Skip to main content

Saudi activist Loujain al-Hathloul 'offered release if she denies torture'

Authorities offer to free prominent women's rights campaigner if she appears on video refuting allegations of abuse, her siblings say
Loujain al-Hathloul's family says she has been subject to torture and sexual abuse by Saudi authorities (Reuters)

The siblings of Loujain al-Hathloul, a Saudi rights activist detained and allegedly abused by authorities in the kingdom, have said she has been offered her release in return for denying she has been tortured.

Hathloul, 29, is a prominent advocate for women's rights in the kingdom, which is notorious for the restrictions it places upon women.

She was apprehended in the United Arab Emirates in April and deported to Saudi Arabia, where she was arrested soon after alongside several other women rights activists.

Her family have said she has been subject to torture and sexual abuse while in prison. But on Tuesday, her brother and two sisters alleged Saudi authorities had offered her a deal in return for her release.

'They have asked her to sign on a document where she will appear on video to deny the torture and harassment. That was part of a deal to release her'

- Walid al-Hathloul, Loujain's brother

"Saudi State Security has visited my sister in prison recently," Walid al-Hathloul, her brother, said on Twitter.

"They have asked her to sign on a document where she will appear on video to deny the torture and harassment. That was part of a deal to release her."

Hathloul's brother said authorities had recently visited her in prison three times in an attempt to broker the deal. During the first two visits, he said, authorities pressed her to sign a document denying the abuse.

The activist was prepared to do this, Walid said, and her family kept quiet about the negotiations so as not to jeopardise them.

However, during a third visit, she was urged to appear in a video denying she was tortured, which Walid said did not appear to be "a realistic demand".

Lina al-Hathloul, her sister, also alleged the activist had been offered the deal.

In a tweet, Lina said she worried her sister would be endangered by the deal's exposure, but she could not keep it to herself.

"Loujain has been brutally tortured and sexually harassed," Lina tweeted.

Another sister, Alia, urged Hathloul to accept whatever demands the authorities had.

"Accept the show and deny what happened, even if you recorded it in audio and video," Alia tweeted.

"What is important is that you are with us, I miss you."

The two women drivers blazing the trail for freedom of movement in Saudi
Read More »

Hathloul's siblings all live abroad and campaign for her release.

Her brother has previously said that she has been electrocuted, whipped and beaten. The activist has reportedly also been subjected to sexual harassment and "verbal sexual abuse" in detention.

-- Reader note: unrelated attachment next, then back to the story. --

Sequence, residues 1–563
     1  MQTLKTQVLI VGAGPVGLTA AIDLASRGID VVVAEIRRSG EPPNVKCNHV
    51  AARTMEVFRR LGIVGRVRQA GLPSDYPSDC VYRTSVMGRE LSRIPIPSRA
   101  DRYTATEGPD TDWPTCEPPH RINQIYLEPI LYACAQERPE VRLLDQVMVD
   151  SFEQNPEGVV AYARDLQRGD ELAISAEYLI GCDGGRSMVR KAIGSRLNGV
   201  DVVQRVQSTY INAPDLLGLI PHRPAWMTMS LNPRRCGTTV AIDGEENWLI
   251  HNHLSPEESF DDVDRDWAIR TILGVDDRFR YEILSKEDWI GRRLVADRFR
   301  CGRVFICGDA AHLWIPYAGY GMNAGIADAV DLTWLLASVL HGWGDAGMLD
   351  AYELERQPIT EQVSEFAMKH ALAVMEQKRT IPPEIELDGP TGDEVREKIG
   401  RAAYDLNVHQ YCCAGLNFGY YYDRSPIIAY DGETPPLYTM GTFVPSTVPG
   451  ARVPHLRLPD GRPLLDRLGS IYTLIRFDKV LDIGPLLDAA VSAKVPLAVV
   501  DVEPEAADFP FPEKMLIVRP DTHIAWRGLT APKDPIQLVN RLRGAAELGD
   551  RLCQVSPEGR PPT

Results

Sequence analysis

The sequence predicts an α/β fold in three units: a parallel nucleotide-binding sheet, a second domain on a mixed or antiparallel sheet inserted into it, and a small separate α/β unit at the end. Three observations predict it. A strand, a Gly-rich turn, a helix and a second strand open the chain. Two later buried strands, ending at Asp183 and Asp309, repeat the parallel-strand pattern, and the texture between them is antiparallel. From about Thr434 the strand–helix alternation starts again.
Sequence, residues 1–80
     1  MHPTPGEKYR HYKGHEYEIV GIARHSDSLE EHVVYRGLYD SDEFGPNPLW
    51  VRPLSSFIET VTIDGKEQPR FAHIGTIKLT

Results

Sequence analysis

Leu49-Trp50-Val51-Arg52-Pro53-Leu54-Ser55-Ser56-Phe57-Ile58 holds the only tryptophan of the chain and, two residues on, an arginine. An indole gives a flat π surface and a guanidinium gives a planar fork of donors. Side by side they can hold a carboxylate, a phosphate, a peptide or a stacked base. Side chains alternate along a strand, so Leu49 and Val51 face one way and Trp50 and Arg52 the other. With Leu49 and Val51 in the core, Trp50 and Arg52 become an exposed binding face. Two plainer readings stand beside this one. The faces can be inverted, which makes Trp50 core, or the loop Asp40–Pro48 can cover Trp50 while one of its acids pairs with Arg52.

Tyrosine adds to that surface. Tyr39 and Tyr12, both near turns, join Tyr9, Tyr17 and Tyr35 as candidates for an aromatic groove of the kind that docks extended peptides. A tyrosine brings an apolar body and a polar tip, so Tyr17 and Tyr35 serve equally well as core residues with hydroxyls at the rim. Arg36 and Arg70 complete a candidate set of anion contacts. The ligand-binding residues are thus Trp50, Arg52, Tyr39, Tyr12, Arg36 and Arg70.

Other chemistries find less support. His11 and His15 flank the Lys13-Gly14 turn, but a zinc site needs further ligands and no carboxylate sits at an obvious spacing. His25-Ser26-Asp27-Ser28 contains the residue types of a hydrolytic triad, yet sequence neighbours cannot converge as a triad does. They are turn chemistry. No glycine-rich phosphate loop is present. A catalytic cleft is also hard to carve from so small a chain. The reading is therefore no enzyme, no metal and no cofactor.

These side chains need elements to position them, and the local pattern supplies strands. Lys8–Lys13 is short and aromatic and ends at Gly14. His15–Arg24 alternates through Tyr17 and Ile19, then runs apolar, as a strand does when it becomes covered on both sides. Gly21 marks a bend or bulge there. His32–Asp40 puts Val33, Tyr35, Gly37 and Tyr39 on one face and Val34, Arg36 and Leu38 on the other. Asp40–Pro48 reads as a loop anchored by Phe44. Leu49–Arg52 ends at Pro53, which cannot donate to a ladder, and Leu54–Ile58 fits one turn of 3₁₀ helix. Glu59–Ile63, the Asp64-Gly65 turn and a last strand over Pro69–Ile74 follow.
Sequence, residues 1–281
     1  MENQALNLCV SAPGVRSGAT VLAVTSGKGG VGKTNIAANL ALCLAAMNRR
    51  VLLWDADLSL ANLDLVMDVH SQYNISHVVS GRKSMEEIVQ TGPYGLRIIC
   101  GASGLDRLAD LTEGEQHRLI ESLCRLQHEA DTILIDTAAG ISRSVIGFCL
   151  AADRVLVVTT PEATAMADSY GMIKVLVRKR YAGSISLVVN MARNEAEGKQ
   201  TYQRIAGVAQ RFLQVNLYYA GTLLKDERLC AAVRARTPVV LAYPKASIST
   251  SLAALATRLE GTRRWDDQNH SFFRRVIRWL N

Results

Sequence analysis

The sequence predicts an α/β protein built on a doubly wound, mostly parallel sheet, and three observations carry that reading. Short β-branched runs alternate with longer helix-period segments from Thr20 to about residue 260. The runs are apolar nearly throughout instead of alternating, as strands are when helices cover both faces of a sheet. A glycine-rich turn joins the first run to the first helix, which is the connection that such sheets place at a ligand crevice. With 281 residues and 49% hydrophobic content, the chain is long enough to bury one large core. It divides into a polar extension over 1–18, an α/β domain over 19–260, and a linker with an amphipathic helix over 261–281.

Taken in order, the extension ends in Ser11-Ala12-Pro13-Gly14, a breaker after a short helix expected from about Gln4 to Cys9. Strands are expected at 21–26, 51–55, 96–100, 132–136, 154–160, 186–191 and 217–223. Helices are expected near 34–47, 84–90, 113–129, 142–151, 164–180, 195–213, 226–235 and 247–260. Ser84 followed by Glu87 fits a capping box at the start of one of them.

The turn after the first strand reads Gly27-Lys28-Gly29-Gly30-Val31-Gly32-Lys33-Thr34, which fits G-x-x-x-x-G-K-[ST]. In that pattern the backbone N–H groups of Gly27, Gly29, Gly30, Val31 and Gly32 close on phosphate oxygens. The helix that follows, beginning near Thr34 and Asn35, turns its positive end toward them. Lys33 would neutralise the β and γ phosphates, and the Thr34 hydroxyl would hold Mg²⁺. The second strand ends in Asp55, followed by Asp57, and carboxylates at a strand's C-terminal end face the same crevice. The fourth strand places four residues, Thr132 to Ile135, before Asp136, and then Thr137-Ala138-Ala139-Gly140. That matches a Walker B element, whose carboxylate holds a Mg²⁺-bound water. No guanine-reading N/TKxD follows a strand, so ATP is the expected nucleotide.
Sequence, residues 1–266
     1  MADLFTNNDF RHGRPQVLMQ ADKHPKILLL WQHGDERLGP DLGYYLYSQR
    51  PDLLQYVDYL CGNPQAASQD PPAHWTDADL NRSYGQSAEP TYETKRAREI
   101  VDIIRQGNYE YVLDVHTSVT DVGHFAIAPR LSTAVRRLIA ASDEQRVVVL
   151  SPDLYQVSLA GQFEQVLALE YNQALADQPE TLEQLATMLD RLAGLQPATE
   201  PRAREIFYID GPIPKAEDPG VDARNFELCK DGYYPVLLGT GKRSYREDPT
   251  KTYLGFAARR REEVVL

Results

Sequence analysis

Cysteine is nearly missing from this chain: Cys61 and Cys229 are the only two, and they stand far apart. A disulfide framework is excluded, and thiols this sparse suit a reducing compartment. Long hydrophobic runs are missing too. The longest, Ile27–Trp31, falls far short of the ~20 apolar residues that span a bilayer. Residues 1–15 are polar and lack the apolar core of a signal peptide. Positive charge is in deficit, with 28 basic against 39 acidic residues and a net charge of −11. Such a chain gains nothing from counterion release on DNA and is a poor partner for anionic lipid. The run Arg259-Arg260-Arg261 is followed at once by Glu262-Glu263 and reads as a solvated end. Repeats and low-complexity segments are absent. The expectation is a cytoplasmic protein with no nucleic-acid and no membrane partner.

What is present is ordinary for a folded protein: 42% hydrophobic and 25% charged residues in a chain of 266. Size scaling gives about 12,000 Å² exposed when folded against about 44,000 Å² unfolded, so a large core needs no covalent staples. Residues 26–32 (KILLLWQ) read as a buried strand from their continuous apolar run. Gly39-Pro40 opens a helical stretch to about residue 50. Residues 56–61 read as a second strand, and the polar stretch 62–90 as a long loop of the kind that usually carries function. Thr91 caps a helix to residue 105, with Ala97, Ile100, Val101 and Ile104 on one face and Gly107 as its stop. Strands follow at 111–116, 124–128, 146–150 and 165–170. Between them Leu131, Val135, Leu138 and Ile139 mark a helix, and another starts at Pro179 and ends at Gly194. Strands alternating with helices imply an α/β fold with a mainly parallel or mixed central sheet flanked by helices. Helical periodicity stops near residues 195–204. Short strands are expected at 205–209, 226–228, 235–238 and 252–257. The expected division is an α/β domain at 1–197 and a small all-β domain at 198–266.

Last year, Human Rights Watch said interrogators had tortured at least three of the women rights activists swept up in the kingdom's crackdown last year.

The activists' arrests came weeks before the much-publicised lifting of Saudi Arabia's driving ban in June 2018 - a right many of them had long championed.

Hathloul has been charged with "coordinated activity to undermine the security, stability and social peace of the kingdom". She was put on trial alongside 10 other activists, seven of which have been released on bail.

Cutting a deal

The deal offered to Hathloul is reminiscent of another offer given to the heirs of slain Saudi journalist Jamal Khashoggi.

Last week, Middle East Eye revealed that Salah Khashoggi, the MEE and Washington Post columnist’s son, was urged to release a statement denying payments made in the wake of his father's assassination were an admission of guilt by the kingdom's rulers.

Saudi men and women are now equal - when it comes to prison torture
Read More »

Jamal Khashoggi was murdered by a team of Saudi operatives in the kingdom's consulate in Istanbul. The CIA and a UN investigation have said Crown Prince Mohammed bin Salman was almost certainly responsible for the murder.

One of the crown prince's top aides, Saud al-Qahtani, widely believed to be the mastermind behind Khashoggi’s murder, is alleged to have overseen Hathloul’s torture.

"He sat in on one of the sessions. He told her: 'I'll kill you, cut you into pieces, throw you in the sewer system. But before that, I’ll rape you,'" Walid al-Hathloul told the Guardian in May.

On Tuesday, Walid said on Twitter that his sister told a Saudi security officer that the offer to leave prison on condition she denies her mistreatment aimed to protect Qahtani.

"When the government security officer asked Loujain to sign an agreement to leave prison by recording herself denying [the] torture, Loujain tore up the agreement and handed it to him and told him, 'By doing this, you are supporting Saud al-Qahtani, who was behind my torture,'" Walid tweeted.

The Hathloul family’s revelations come as Riyadh says it is beginning to ease travel restrictions on women.

Hathloul was a noticeable critic of the kingdom’s restrictions, which include the right to travel without permission, obtain a passport and register childbirth, marriage or divorce.